Aug 19, 2016 | By Andre

There are many decisions that can be made during a life time that, once made, cannot be un-made. Getting a tattoo is one of those decisions. And since tattoos are forever trendy with much of the world’s population, it’s no wonder that 3D printing is starting to get involved with the age-old form of physical expression. In fact, industrial robots as well as low-cost 3D printers have already been used to tattoo people but now appears that the technology has the ability to 3D print many of the components necessary to make a DIY rotary tattoo machine.

The machine, officially called Scratchr, is the brainchild of Sparkfun contributor Nick Poole and is based on the idea of Thomas Edison’s 1876 stencil-pen concept (which by the way is related to how tattooing has been done ever since). The thought was, if the mechanisms involved were simple enough to produce in 1876, then it shouldn’t be too difficult to 3D print one in the modern times and evidently this was true.

And as with most DIY projects that involve moving parts, a mix of inexpensive micro-controllers, motors, switches, wires and of course 3D printed components are necessary. Luckily for anyone that wants to make their own tattoo gun, the files are freely available on the projects github page and just about any half-way decent desktop 3D printer would be able to produce the necessary enclosure parts.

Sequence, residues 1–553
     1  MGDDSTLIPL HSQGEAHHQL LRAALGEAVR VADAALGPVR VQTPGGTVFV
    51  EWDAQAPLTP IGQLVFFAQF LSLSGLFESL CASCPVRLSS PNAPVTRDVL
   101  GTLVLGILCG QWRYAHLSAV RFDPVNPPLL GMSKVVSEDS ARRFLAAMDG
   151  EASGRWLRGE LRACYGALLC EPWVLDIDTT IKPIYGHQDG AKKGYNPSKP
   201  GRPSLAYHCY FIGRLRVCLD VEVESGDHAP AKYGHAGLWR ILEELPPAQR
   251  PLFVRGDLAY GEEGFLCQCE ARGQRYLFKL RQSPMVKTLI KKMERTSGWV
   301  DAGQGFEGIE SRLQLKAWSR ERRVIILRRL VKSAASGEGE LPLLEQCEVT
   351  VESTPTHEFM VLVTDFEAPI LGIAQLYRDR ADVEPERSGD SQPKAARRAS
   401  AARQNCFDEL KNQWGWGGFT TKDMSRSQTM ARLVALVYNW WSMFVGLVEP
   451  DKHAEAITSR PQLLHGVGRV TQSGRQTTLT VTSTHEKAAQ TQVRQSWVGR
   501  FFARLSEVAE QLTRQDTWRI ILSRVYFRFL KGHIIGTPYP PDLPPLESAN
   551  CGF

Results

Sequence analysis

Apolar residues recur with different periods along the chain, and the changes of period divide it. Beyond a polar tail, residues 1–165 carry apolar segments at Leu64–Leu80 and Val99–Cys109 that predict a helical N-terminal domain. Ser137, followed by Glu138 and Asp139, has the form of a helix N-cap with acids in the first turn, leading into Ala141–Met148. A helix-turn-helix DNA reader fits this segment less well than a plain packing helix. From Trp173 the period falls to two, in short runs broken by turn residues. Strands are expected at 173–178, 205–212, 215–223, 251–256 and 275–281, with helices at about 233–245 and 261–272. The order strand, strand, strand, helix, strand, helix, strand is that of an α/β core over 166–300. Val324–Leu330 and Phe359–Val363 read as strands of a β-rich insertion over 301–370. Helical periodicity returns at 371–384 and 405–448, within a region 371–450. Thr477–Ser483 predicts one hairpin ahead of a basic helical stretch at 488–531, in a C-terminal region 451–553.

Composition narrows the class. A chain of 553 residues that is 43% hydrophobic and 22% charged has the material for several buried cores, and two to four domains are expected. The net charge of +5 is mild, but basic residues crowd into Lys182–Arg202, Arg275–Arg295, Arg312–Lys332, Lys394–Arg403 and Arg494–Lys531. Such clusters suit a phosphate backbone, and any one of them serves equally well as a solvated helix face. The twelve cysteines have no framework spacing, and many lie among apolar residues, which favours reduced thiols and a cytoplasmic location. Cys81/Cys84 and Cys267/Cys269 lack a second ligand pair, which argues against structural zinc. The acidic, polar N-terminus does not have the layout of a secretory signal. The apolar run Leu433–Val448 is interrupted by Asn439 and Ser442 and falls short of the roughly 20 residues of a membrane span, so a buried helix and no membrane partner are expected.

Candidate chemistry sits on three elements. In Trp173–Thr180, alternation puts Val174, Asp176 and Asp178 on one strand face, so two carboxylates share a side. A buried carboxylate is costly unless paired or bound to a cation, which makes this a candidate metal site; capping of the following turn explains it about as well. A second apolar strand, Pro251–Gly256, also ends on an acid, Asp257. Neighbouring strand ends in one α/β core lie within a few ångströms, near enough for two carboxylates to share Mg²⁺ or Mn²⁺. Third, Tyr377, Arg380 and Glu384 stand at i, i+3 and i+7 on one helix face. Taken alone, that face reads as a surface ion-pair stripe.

In Nick’s case, he admits the file design and 3D printing required for Scratchr are simple and can be done quickly (just over an hour on his machine). From a materials perspective, both ABS or PLA would work, as would any other reliably rigid filaments available out there today. All in, you are looking at roughly $50 worth of raw materials for the device itself plus additional costs for the ink and sanitary gear necessary to ensure a quality tattoo.

I should pause with a warning here. Tattoos are permanent. Tattoos are illegal for minors in many countries. And tattooing yourself (or someone else) with a 3D printed tattoo gun is quite possibly riskier than going about using more professional routes. But as one can see in the detailed video below, it’s certainly possible and the results aren’t half bad.

All things said, there is enough in terms of instructions in the video and the aforementioned github page to get the project underway and, if somewhat savvy with the tools and technology listed, completely doable as a quick weekend project. Still, while I am a big fan of 3D printing, this is one project I won’t be following through with myself, for if I ever did ever get a tattoo, I’d rather leave it to the pros.



Posted in 3D Printing Application



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